ATLANTA — Results from mice studies suggest the broad use of emulsifying agents in processed food might be contributing to an increasing societal incidence of obesity/metabolic syndrome and other chronic inflammatory diseases, according to research published on-line Feb. 25 in Nature.

The research, conducted in part by researchers from Georgia State University in Atlanta, said two commonly used emulsifiers (carboxymethylcellulose and polysorbate 80) induced low-grade inflammation and obesity/metabolic syndrome in mice. Healthy mice whose water contained the two chemicals became obese and developed metabolic problems such as glucose intolerance.

The researchers pointed out multi-layered mucus structures cover the intestinal surface, which keeps a vast majority of gut bacteria at a safe distance from epithelial cells that line the intestine. Agents that disrupt mucus-bacterial interactions might have the potential to promote diseases associated with gut inflammation.

“To be sure this is an interesting field of investigation, but at this time gut microbial patterns are reflective of many different influences, only one being diet,” said Marcia D. Greenblum, senior director, health and wellness communications, for the International Food Information Council, Washington. “I would say it is too early to draw any conclusions or suggest avoidance of any products from the results of this laboratory study. This experimental data does not predict if the mouse response would be similar to human response or if humans are able to safely consume doses within healthful diets.”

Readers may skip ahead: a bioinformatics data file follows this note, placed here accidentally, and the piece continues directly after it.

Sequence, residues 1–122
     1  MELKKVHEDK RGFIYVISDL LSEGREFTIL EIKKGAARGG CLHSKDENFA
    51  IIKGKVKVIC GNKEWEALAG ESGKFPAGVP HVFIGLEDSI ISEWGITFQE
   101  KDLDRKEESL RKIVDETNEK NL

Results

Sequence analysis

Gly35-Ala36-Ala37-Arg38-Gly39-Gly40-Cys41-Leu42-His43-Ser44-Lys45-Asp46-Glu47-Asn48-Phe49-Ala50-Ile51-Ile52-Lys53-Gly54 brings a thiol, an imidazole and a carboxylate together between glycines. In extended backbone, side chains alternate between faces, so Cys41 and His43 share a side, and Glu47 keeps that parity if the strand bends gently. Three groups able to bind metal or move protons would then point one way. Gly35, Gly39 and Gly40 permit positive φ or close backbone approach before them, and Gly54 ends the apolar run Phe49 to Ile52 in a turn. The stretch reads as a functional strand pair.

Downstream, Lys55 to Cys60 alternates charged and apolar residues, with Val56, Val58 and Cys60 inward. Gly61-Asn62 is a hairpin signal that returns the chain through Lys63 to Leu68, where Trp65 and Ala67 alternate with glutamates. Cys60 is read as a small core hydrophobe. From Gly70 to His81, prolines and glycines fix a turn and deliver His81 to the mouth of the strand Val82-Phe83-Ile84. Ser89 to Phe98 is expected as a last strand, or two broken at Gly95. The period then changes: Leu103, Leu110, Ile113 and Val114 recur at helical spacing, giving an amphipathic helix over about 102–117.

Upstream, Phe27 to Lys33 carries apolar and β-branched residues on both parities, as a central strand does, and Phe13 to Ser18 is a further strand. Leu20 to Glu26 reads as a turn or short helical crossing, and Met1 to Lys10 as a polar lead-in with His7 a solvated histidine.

Carboxymethylcellulose is a cellulose gum. Polysorbate 80 is also known as Tween 80.

Carboxymethyl cellulose is listed as Generally Recognized As Safe (GRAS) as a substance migrating to food from cotton or cotton fabrics used in dry food packaging, while its sodium salt is listed as GRAS as a miscellaneous or general purpose food additive, according to the Food and Drug Administration.

Carboxymethylcellulose (CMC) finds use as a thickener, stabilizer, film former and suspending agent, according to the fourth edition of Baking Science & Technology, published by Sosland Publishing Co., Kansas City. In baked foods, CMC finds use as a water binder and adhesive in cereal bars and may be employed to stabilize the transparent glazes applied to donuts.